Build a Grackle-Proof Bird Feeder

Does the great grackle beset your bird feeder? This weight-activated feeder will shut out such heavy birds and squirrels as well.

| May/June 1983

  • grackle proof bird feeder - front view
    This bird feeder is for lighter weight breeds — anything up to a cardinal. Any time a critter as heavy as a grackle lands on the perch, a door falls, closing off the feed.
    Photo by Rory Orgill
  • grackle proof bird feeder - front view, spikes on roof
    The spikes prevent acrobatic squirrels from robbing the feeder from the counterweighted perch.
    Rory Orgill
  • grackle proof bird feeder - side view
    A side view of the feeder shows the counterweight mechanism.
    Rory Orgill

  • grackle proof bird feeder - front view
  • grackle proof bird feeder - front view, spikes on roof
  • grackle proof bird feeder - side view

I love watching birds, so a few years ago I set three bird feeders out in the yard near our house and was soon playing host to a delightful variety of winged visitors. Cardinals, chickadees, and nuthatches flitted about the stations regularly, a dozen or more sparrows actually set up residence nearby, and every evening a redheaded woodpecker would stop in for supper.

All went well for my feathered friends and me, until the grackles came.

At first only a few of the noisy jay-sized fowl arrived, but soon squadrons of the gluttonous raiders — 20, 30, and even 40 at a crack — were swooping down on the feeders and helping themselves to enormous quantities of grain. My immediate response was to resent the invasions, then almost as quickly I felt guilty about my reaction. After all, I had set out the devices to attract "warmblooded vertebrates with feathers and forelimbs modified as wings." Like it or not, the blackbirds qualified.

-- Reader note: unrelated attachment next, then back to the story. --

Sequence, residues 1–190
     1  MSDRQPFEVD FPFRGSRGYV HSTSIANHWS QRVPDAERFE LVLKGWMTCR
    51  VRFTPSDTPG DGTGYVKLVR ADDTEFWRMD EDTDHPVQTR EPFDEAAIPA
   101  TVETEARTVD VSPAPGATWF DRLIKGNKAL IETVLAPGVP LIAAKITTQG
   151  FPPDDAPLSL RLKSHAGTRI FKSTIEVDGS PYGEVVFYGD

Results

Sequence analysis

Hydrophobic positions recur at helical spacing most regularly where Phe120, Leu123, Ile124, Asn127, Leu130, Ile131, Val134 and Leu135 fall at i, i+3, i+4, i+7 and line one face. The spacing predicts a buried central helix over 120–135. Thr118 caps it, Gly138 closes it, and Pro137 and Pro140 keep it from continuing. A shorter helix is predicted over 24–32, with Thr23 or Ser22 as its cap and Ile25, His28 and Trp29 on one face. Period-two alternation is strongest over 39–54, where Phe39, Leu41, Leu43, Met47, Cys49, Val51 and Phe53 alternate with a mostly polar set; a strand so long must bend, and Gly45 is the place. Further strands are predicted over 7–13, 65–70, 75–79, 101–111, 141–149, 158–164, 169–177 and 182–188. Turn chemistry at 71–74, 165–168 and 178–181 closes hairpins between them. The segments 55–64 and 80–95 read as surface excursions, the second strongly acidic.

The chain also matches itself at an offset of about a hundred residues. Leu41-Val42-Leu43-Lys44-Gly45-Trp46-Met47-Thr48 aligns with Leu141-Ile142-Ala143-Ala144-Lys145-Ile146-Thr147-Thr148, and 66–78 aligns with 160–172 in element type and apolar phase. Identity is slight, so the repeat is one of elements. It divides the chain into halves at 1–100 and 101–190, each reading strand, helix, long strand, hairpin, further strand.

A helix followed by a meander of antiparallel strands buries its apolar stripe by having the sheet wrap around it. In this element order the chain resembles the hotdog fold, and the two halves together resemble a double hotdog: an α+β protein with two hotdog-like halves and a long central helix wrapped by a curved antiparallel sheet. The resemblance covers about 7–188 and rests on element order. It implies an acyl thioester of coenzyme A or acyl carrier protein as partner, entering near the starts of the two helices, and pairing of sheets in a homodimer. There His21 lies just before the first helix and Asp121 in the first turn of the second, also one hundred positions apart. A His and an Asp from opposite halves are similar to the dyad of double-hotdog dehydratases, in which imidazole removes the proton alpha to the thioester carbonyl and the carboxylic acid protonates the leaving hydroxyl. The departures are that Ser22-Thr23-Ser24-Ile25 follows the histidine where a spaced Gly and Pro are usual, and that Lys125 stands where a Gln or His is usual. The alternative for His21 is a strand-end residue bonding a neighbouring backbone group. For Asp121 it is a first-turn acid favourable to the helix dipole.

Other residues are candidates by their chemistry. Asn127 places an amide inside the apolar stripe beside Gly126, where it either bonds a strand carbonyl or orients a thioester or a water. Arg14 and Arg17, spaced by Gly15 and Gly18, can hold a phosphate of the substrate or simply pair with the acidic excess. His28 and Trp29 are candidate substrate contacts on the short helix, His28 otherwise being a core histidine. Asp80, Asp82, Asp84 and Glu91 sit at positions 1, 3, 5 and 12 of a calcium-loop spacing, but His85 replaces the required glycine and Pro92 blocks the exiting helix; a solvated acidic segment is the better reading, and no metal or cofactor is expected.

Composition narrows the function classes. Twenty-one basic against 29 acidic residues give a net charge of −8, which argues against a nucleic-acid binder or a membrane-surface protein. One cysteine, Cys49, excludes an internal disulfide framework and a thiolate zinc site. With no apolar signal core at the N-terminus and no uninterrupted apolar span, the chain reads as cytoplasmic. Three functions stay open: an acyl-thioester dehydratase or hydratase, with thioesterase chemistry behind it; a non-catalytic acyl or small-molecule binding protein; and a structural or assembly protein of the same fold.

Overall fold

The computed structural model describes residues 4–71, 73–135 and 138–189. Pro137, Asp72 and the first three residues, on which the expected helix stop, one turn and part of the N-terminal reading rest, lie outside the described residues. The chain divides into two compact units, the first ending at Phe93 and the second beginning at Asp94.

However, my guilt was short-lived, and soon gave way to annoyance — and then rage — as the size of the hordes and the frequency of their visits increased. They quickly tripled my weekly feed bills and, worse yet, frightened away virtually all of my other winged visitors. Only the quick, nervy sparrows dared to dart in (on those rare occasions when the grackles were gone) to snitch a few bites from what had become the blackbirds' private hoard.

Enough was enough! In an attempt to solve the problem, I took down two of the feeders — a platform type and a trough-style model — and shortened the perches on the remaining cylinder feeder so that only the daintier backyard birds could get both feet on it. The ruse worked ... for about a day and a half. Although the big bandits had to spend some time getting a grip on the problem, they soon learned to grasp the sawed-off perch with one claw and to flap the opposite wing to maintain their balance, while they fed ... and fed ... and fed.

By that time, I (who had never owned a firearm) found myself reading shotgun ads and wondering where I could find a recipe for "four and twenty blackbird pie." Reason prevailed, however, in the form of a flash of inspiration: If I couldn't turn their size against them (those 747's of backyard "bird-dom"), maybe I could use their weight to force them off the dole. Hmmmmm....

7/12/2016 6:59:04 PM

Well, I just typed out a long message here, and found out I had to join first, and lost the whole I'll just get right to the point. First of all, love the humor! But, this is no laughing matter, as I am experiencing this very problem right now! I'm tired of having to make the locals go without, while I take a week or two off from filling the feeder, and only to find that they keep coming back anyway! I would like to try making this feeder, and would appreciate any tips or advise to help me out, since I've never done anything like this before. I'm in the middle of making a Grackle-proof feeder right now out of plastic, and it's not turning out so well. Thank you for your time. Have a great day! Sincerely, Darla Scott



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